Ever since Pakistan’s monsoon season began in mid-June, the country has withstood unprecedentedly heavy rains. More than 33 million people have been affected, while the International Rescue Committee (IRC) reported over 1,100 deaths, alongside the destruction of over one million homes and crops nationwide. Yet aside from a great sense of loss and grief, Pakistan’s residents seem to feel wronged after realizing that the worst effects of climate change, a major cause of the heavy flooding, have been borne by them even though they have done little to exacerbate rising temperatures.
While flooding is not an uncommon occurrence in the South Asian country, this year’s monsoon has been unusually heavy. In Pakistan’s wettest monsoon season since 1961, more than one-third of the land has been submerged. Many have pointed out that the impact the unprecedented torrent has had on the country is comparable to its 2010 floods, which left more than 2,000 people dead.
Apart from the list of deaths, millions have been displaced as their homes and livelihoods were destroyed. This includes at least 650,000 pregnant women and girls, with an estimated 73,000 of them expected to give birth in the coming weeks. Furthermore, many of these mothers, according to the United Nations Population Fund (UNFPA), lack access to healthcare and proper medical assistance.
A senior citizen by the name of Malang Jan confessed that he and his family have been consuming rice only for the last 3 days when Jan’s family was rescued by boat after his house was drowned in the flood. Jan told AFP, “I never thought that one day we will have to live like this. We have lost our heaven and are now forced to live a miserable life."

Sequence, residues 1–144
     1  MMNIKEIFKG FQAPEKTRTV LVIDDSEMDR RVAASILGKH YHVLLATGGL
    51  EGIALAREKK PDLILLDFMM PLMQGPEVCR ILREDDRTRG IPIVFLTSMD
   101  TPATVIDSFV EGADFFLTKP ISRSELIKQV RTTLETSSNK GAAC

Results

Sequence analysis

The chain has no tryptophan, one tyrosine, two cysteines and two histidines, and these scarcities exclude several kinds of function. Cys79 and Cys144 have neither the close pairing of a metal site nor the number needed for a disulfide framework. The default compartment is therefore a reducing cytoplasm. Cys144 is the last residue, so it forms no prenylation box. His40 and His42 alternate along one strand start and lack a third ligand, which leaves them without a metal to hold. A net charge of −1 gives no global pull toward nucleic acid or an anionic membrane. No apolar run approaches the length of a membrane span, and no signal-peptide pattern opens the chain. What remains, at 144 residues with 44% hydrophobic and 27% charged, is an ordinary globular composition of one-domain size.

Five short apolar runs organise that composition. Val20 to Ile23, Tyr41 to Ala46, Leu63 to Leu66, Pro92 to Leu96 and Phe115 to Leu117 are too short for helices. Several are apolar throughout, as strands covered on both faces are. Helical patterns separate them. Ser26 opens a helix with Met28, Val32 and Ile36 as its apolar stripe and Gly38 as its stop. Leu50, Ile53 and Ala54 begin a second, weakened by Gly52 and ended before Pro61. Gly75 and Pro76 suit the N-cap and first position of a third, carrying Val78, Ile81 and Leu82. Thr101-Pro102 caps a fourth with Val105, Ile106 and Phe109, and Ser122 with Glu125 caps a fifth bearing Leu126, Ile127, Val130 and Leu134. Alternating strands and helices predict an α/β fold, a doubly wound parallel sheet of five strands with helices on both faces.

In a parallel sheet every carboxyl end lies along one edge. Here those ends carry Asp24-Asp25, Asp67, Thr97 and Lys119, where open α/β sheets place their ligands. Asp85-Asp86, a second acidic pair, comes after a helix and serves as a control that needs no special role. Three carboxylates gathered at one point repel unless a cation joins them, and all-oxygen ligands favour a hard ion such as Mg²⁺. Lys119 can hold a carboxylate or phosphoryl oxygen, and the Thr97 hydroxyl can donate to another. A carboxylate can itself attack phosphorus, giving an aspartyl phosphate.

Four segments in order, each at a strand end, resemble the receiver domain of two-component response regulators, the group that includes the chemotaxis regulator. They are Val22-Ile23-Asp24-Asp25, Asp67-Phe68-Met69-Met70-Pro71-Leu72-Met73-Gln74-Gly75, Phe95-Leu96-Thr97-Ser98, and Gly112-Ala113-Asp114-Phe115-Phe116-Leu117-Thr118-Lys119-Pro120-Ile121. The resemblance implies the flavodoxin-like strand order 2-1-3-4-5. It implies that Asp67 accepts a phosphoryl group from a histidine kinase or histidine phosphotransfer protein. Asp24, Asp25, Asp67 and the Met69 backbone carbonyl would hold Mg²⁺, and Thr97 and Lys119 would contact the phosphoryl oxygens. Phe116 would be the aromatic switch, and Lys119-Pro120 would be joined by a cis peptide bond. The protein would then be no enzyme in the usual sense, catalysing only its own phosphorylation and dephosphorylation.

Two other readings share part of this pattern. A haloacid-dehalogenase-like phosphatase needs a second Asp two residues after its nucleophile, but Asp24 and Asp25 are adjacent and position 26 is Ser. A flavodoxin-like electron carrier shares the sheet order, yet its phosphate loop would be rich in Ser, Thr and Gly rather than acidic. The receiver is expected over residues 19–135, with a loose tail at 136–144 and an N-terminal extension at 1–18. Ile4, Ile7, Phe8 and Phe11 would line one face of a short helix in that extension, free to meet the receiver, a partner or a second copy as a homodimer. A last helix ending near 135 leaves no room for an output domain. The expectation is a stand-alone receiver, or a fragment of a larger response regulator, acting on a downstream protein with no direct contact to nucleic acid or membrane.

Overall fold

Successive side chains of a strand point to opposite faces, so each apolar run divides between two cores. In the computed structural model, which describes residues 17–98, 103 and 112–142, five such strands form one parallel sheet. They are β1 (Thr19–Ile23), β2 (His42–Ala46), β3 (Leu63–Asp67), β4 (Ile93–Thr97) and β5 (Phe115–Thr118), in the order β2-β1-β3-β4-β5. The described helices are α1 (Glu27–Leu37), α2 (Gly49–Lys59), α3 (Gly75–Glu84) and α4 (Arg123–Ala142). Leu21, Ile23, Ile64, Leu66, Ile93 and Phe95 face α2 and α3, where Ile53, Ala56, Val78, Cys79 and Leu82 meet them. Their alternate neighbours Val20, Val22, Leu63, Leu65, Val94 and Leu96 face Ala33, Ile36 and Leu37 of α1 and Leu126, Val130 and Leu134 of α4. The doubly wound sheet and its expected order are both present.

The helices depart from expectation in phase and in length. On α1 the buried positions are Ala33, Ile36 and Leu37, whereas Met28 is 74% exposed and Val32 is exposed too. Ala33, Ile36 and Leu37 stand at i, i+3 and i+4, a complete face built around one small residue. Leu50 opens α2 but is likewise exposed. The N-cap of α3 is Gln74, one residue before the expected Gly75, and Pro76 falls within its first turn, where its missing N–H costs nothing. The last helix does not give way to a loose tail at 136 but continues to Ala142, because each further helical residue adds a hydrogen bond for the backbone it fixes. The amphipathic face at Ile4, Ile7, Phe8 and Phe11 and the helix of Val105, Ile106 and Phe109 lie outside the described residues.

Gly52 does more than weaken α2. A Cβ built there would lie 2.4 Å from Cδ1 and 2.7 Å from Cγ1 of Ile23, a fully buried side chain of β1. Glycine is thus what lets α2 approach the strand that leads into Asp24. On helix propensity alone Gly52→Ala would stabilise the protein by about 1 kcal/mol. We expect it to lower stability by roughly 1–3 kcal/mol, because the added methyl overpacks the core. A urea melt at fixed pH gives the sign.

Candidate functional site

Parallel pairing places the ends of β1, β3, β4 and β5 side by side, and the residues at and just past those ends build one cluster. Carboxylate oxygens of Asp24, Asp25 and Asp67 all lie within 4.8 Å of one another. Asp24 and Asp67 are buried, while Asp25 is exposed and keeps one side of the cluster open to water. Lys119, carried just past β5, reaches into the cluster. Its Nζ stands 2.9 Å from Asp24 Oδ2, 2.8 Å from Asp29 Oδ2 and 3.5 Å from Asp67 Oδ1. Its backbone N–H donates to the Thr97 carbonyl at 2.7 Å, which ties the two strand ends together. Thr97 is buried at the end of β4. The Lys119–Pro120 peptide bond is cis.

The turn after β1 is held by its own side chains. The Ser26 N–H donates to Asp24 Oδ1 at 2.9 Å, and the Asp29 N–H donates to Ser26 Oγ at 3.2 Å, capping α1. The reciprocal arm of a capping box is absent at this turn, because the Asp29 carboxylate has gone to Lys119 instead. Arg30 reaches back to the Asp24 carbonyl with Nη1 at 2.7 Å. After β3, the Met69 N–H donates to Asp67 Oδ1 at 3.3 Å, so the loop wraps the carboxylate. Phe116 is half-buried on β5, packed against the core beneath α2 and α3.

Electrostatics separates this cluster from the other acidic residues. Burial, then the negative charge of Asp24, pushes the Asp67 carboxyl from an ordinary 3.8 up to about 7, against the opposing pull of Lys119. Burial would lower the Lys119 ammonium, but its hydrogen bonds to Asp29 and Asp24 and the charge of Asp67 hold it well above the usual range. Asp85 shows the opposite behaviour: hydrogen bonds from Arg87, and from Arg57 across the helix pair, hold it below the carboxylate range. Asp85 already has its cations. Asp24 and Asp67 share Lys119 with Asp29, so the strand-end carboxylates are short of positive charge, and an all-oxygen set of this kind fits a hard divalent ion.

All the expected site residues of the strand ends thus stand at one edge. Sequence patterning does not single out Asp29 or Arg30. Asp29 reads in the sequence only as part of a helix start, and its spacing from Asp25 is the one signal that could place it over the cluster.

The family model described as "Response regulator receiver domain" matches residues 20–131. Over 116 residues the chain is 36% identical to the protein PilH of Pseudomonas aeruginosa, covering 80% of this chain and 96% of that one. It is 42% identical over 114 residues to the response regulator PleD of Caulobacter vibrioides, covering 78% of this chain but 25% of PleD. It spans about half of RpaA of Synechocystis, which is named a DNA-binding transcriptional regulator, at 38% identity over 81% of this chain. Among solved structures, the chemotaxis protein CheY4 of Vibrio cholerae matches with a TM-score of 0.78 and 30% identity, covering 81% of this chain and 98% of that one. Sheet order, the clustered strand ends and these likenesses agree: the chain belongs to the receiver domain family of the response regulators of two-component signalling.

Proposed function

In addition to women and the elderly, the floods have created havoc for at least 18,000 schools nationwide. UNICEF stated that in areas where one-third of girls and boys were already out of school due to two years of pandemic restrictions, the floods mean that even more children “once again risk further disruption to their learning.” There have already been reports of diarrhea, water-borne illnesses, respiratory infections, and skin conditions amongst the affected children, whose immune systems are bound to be weaker than that of adults.
The IRC has undertaken an emergency response to provide assistance to affected individuals in both Pakistan and neighboring Afghanistan. Nearly 27,000 people have been supported by the IRC’s distribution of food supplies and setting up of medical response centers.
Furthermore, the International Federation of Red Cross Red Crescent Societies (IFRC) has launched an Emergency Appeal for 25 million Swiss Francs to support relief and recovery operations for an estimated 324,000 individuals, in light of the flooding and in anticipation of further effects.
Pakistan’s climate minister Sherry Rahman said on 29th August that the material damage done by the floods can be foreseen to exceed $10 billion. In particular, the South-end Sindh and Balochistan provinces of the country have been hit the hardest and show minimal signs of improvement. Overall, Rahman called the floods a ‘crisis of unimaginable proportions.’